Old audio equipment that was made in the early stages of audio technology is always being sought after by both collectors and audio producers that understand their value.
For example vintage tape recording machines are in high demand because of their ability to record audio clearly.
Not only analog machines are in demand, vintage speakers are another thing that is sought after by most…this then brings up the question of whether speakers get better with age or not…..
This post will therefore discuss this..
Without wasting too much time,
Do speakers get better with age?
Speakers don’t get better with age. They sound the best at their peak which is after running them in after you purchase them.
But you’ll most likely be able to notice when they begin to sound wrong.
Speaker quality may deteriorate over time depending on a number of things.
You can however expect years of good music from your speakers. Some components of the speakers may need periodic maintenance while other parts may generally last for decades.
Speakers wear out over an extended period of usage.
Speaker parts such as the surround, cone, capacitor in the crossover, and ferrofluid in some tweeters degrade over time, and this reduces the overall sound quality which is why speaker’s don’t really age well or get better with time.
With that said, let’s into some of these components.
The surround is basically the part that is found on the edge of the speaker’s cone.
It makes up the material that attaches the cone to the chassis of a speaker. The surround is the determinant of how far the speaker cones travel.
The surround basically absorbs the energy left over in the cone when it reaches its limit.
Being the part that is most exposed to elements, the surround is usually the first speaker part to wear out. This part is made from materials like foam, rubber and butyl.
The crossover’s responsibility inside a speaker is to function as a tool that splits audio into two or more ranges of frequency so that it is sent to the speaker driver designed to play those specific frequencies.
It is quite a crucial component.
For example, the crossover will filter out audio frequencies below 200Hz, which will then be sent to the subwoofer because it is responsible for handling low frequencies….the crossover will additionally filter out frequencies above 2kHz, which will be sent to the tweeters which are designated to handle high frequencies.
Crossovers achieve this with the help of resistors, inductors, and, capacitors.
However, capacitors wear out over time.
Capacitors in a crossover may deteriorate due to a number of reasons, including aging, materials wearing out, or even mechanical damage. There’s really no way to hold this off because it’s going to happen eventually.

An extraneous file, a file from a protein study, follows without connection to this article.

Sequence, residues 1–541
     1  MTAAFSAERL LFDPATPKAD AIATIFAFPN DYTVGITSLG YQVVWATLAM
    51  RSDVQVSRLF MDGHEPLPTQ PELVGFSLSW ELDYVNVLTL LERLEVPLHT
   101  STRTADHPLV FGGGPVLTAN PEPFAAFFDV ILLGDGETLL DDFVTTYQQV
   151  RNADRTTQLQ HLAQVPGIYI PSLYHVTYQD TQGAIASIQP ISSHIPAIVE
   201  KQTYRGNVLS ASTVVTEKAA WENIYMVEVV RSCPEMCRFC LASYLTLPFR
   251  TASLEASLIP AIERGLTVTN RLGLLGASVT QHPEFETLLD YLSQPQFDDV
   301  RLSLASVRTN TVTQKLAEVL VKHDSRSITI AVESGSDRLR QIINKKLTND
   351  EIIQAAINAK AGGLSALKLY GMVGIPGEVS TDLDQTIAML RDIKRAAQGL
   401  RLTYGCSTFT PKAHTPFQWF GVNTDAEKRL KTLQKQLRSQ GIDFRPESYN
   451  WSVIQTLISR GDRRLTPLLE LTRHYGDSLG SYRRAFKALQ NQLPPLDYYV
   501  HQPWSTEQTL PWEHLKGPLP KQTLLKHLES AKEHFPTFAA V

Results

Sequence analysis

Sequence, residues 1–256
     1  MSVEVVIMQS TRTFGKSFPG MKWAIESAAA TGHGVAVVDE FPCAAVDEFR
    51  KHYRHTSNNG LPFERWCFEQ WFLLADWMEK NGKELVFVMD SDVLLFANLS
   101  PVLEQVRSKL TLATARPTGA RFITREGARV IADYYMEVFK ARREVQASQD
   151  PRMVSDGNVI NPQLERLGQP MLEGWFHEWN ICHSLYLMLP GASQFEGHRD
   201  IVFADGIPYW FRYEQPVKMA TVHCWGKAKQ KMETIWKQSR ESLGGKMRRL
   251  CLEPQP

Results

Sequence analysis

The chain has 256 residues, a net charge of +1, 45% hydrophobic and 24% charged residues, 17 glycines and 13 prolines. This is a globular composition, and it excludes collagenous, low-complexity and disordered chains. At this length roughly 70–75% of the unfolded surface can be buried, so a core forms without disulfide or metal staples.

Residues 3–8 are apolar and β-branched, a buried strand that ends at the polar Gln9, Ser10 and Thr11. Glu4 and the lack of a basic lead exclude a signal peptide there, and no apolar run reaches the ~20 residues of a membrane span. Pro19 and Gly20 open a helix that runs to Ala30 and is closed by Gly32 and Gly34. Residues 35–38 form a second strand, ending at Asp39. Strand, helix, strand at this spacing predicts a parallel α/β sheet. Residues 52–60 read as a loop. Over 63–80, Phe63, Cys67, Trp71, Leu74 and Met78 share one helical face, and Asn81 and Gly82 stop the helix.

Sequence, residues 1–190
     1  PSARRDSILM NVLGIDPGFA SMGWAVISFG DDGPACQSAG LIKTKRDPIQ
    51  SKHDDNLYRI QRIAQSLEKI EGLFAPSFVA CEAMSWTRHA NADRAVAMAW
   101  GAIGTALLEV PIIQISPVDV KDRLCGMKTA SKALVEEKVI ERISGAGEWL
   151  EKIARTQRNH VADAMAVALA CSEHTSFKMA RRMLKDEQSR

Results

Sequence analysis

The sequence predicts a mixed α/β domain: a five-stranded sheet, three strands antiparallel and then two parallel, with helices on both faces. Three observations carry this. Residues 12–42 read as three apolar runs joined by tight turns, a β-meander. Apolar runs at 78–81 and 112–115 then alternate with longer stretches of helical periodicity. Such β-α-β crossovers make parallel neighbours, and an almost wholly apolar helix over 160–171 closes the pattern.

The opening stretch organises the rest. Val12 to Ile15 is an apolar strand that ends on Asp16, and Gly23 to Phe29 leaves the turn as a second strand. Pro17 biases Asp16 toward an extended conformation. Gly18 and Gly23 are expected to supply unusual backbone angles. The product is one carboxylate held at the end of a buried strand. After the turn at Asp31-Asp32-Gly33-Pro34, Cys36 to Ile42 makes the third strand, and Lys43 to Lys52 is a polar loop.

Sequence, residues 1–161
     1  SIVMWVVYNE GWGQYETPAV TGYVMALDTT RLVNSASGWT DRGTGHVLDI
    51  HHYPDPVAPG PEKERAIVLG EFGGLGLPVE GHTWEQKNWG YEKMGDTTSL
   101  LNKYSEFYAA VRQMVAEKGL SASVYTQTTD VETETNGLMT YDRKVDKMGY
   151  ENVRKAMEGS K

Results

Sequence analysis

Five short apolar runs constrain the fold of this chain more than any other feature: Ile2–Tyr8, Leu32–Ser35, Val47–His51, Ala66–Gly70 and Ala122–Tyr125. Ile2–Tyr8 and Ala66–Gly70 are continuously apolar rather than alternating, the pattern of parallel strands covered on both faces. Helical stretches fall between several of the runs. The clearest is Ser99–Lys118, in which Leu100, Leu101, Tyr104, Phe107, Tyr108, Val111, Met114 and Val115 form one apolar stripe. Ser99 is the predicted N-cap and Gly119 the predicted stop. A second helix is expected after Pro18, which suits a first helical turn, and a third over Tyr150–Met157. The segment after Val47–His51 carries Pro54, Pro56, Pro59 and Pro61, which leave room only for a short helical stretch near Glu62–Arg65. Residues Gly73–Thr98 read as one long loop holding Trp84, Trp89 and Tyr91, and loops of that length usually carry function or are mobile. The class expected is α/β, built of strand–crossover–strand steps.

Ferrofluid is not as popular today but it was used in almost all tweeters made in the early 90s…However some manufacturers still use them today.
Incase you’re wondering what ferrofluid is, it is simply a fluid that has magnetic particles colloidally suspended through it.
It is used in tweeters as a means to dampen the resonance and cool the voice coil.
Ferrofluid is also responsible for improving the quality of sound.
After a while ferrofluid dries up and only leaves magnetic particles in the tweeter. Which in turn causes a lot of problems.
Like choking the tweeter’s voice coil and preventing it from moving. This in turn kills the tweeters and the speaker output becomes bad.
Speaker cones are usually made of light material like paper, plastic, aramid fiber, and sometimes metal.
These materials don’t easily wear out but exposure to certain conditions in the environment can weaken them over time.
Factors that affect speaker quality over time
Below are the main factors that have a huge impact on the quality of a speaker.
The materials used to make the speaker have a number of effects on both the life span of the speaker and the quality over time.
A speaker will easily lose its sound quality over time and may even fail mechanically unless the material used in it’s construction are of high quality.
There are different speakers made to perform different functions.
For example… Speakers meant for audiophiles like sound engineers will last you a long time with good care and maintenance.
Such flat frequency speakers are literally engineered to provide you a consistent sound over an extended period of time.
You can’t really expect them to sound better over time.
However, improving the acoustics of the room in which they’re used can improve the overall sound quality of the speakers.